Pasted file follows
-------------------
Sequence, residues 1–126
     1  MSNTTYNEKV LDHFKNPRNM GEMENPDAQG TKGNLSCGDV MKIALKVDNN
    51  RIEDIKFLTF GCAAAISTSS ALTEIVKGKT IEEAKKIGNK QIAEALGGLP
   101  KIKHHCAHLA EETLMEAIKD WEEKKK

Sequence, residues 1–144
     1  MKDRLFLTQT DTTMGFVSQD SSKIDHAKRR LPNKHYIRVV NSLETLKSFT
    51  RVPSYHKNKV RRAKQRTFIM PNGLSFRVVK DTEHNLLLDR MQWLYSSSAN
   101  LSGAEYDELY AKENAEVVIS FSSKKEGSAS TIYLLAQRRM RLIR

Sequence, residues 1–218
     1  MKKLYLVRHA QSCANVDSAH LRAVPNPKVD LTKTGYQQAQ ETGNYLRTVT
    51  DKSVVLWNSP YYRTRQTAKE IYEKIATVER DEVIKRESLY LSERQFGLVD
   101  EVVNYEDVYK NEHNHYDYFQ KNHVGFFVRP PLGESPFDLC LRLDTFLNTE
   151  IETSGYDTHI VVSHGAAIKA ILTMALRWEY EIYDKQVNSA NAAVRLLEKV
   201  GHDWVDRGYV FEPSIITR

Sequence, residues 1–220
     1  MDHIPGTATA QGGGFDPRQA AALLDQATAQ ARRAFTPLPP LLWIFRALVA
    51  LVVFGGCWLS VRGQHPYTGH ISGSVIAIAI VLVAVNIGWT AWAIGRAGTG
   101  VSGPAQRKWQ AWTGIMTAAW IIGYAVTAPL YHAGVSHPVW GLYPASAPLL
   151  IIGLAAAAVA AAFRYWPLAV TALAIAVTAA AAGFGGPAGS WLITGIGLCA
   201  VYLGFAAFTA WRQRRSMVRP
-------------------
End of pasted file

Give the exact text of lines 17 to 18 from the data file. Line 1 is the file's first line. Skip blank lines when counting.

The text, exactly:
    51  LVVFGGCWLS VRGQHPYTGH ISGSVIAIAI VLVAVNIGWT AWAIGRAGTG
   101  VSGPAQRKWQ AWTGIMTAAW IIGYAVTAPL YHAGVSHPVW GLYPASAPLL